Journalist, author, and historian Anne Applebaum says that democracy is not like running water — something that we know will always be there when we turn on the tap. Her latest book Twilight of Democracy, highlights the ways in which countries around the world are coming to terms with this fact and provides suggestions for how we can do our part to…
 
Seizing Freedom is a new podcast from Virginia Public Media that tells the stories of Black Americans during Reconstruction who fought for the everyday freedoms that many of us take for granted, like the right to decide how to make a living or which causes to support. Drawing from host Kidada Williams's research on historical records of formerly en…
 
The U.S. Capitol insurrection broke open a lot of conversations that had long been simmering under the surface about social media and democracy. Michal and Chris discuss this inflection point and our guest, Sinan Aral, shares ideas for how we might move forward. Sinan Aral has spent two decades studying how social media impacts our lives, from how …
 
Sinan Aral has spent two decades studying how social media impacts our lives, from how we think about politics to how we find a romantic partner. He argues that we're now at the crossroads of a decade of techno-utopianism followed by a decade of techno-dystopianism. How to reconcile the promise and peril of social media is one of the biggest questi…
 
Alexei Navalny has been a figure in Russian opposition for years, but garnered international attention recently though social media and what's widely believed to be an assassination attempt by the Russian government in the fall. This week, we unpack the complicated nature of Russian democracy and how the U.S. and other countries should respond — or…
 
From gerrymandering to ranked-choice voting to expanding voting rights, the ballot initiative has been essential to expanding and reforming democracy in recent years. However, the initiative has also been used to constrain minority rights and push the public to act on polarizing issues like the death penalty and immigration. Ted Lascher and Joshua …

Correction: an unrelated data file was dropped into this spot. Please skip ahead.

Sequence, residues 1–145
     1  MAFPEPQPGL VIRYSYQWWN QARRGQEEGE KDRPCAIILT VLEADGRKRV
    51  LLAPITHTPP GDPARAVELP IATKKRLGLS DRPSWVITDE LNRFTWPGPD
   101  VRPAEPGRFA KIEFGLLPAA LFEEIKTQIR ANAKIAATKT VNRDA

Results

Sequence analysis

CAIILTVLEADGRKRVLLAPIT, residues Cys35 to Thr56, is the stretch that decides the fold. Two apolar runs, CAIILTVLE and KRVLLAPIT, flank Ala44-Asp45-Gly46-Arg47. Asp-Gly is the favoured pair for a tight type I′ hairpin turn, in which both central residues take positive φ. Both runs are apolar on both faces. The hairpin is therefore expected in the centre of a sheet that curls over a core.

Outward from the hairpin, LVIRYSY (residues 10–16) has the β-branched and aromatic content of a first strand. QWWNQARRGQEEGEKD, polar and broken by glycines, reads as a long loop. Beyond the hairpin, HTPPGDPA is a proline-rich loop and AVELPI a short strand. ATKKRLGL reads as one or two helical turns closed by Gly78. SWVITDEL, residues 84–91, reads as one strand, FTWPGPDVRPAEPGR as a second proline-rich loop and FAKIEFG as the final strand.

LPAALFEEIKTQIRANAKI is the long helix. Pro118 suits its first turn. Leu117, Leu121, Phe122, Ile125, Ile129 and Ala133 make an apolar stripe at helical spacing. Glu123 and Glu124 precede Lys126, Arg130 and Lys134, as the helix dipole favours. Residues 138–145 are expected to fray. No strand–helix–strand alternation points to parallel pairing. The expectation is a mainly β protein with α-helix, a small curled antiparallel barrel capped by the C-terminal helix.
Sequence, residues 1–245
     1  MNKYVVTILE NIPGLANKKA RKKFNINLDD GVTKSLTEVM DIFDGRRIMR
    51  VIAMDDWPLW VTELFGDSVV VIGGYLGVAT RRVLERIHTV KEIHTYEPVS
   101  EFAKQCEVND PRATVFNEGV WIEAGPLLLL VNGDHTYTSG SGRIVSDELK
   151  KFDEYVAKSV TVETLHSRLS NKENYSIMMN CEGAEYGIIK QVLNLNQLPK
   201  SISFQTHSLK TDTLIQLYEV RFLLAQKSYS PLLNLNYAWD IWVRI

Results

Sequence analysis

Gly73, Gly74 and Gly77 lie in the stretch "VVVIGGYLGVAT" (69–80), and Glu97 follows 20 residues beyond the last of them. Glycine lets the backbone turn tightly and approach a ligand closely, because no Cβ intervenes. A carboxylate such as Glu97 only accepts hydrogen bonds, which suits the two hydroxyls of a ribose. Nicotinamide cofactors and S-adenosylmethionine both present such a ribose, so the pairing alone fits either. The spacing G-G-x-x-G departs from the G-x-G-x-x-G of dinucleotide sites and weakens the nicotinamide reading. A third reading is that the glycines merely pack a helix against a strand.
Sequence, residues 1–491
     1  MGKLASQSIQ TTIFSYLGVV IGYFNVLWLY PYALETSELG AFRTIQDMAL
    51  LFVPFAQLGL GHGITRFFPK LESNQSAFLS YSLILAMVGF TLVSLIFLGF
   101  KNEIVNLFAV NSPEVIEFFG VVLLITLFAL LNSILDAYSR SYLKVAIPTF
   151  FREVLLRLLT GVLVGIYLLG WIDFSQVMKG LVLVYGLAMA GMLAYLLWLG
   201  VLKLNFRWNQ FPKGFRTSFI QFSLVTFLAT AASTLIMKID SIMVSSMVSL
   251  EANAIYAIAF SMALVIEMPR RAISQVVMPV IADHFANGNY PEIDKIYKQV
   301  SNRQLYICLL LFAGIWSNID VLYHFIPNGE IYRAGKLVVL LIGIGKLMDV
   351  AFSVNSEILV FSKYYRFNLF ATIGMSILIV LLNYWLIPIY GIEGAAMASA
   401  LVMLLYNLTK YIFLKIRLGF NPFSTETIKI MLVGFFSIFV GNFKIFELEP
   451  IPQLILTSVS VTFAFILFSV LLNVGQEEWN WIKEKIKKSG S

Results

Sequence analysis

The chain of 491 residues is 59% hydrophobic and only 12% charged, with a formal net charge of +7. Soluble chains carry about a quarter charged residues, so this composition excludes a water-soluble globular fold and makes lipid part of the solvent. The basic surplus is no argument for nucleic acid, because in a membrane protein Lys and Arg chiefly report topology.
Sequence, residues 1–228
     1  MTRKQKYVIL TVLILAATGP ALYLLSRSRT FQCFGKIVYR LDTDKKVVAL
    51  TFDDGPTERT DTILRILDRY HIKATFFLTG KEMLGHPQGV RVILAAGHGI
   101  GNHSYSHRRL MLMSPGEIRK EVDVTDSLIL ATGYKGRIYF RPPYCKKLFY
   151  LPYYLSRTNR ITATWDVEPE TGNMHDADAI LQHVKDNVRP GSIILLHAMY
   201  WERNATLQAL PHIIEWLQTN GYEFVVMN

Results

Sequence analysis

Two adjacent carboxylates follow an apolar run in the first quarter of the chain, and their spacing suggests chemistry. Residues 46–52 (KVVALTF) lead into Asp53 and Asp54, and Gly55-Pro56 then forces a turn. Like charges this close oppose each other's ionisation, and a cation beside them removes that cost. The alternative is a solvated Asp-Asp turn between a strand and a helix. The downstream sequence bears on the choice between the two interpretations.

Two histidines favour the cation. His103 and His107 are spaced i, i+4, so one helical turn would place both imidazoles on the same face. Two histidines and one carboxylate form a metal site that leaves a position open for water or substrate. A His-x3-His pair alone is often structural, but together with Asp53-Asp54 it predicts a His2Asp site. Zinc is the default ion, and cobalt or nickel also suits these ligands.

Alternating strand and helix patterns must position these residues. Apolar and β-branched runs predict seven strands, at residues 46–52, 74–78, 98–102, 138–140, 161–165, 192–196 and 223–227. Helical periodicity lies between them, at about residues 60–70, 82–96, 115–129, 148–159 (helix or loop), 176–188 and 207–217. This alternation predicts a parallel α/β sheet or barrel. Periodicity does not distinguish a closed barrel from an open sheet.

We'll be back with a new episode of Democracy Works next week. In the meantime, we invite you to check out our partner podcasts in The Democracy Group podcast network. Here's a small sampling of what the network's shows have covered recently: Politics in Question examines the future of the Republican Party with the author of a new book on the Tea P…
 
Despite ongoing threats of violence, the wheels of democracy continue to turn, and in 2021 that means redistricting. States will draw new electoral maps this year using data from the 2020 Census. Our guest this week has spent the past decade covering attempts by politicians to draw those maps to their advantage in a practice known as gerrymandering…
 
Despite ongoing threats of violence, the wheels of democracy continue to turn, and in 2021, that means redistricting. States will draw new electoral maps this year using data from the 2020 Census. Our guest this week has spent the past decade covering attempts by politicians to draw those maps to their advantage in a practice known as gerrymanderin…
 
This episode was recorded on Friday, January 8, 2021, two days after the day that many of the things we’ve talked about on this show came to a head — political and epistemic polarization, delgitimation of the opposition, degradation of democratic norms, racial inequity, and many other factors. Democracy Works hosts Michael Berkman, Chris Beem, and …
 
Democracy Works hosts Michael Berkman, Chris Beem, and Candis Watts Smith reflect on the insurrection at the U.S. Capitol and what it says about the condition of American democracy. They also discuss whether it's possible to learn from this moment and what guideposts they'll be looking for to determine whether all the talk about protecting and rest…
 
Neoliberalism is one of those fuzzy words that can mean something different to everyone. Wendy Brown is one of the world’s leading scholars on neoliberalism and argue that a generation of neoliberal worldview among political, business, and intellectual leaders led to the populism we’re seeing throughout the world today. But is it mutually exclusive…